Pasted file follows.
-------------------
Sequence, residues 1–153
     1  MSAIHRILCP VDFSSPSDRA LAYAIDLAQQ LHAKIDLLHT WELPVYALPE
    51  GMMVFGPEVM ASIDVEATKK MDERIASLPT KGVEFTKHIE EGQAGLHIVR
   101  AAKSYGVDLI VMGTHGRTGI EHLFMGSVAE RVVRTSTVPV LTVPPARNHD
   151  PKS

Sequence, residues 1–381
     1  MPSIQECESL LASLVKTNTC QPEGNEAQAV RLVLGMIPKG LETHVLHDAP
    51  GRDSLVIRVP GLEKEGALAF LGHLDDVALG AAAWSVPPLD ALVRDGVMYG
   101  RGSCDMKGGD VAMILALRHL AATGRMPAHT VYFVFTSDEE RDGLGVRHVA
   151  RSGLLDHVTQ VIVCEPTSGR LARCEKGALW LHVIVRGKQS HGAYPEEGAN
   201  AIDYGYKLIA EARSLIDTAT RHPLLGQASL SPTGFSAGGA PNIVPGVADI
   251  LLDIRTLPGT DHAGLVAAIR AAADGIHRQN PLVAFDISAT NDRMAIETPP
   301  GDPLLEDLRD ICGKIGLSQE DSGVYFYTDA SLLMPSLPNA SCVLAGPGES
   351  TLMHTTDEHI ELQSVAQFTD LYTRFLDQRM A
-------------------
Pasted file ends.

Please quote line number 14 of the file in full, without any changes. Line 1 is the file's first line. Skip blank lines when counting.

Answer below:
   351  TLMHTTDEHI ELQSVAQFTD LYTRFLDQRM A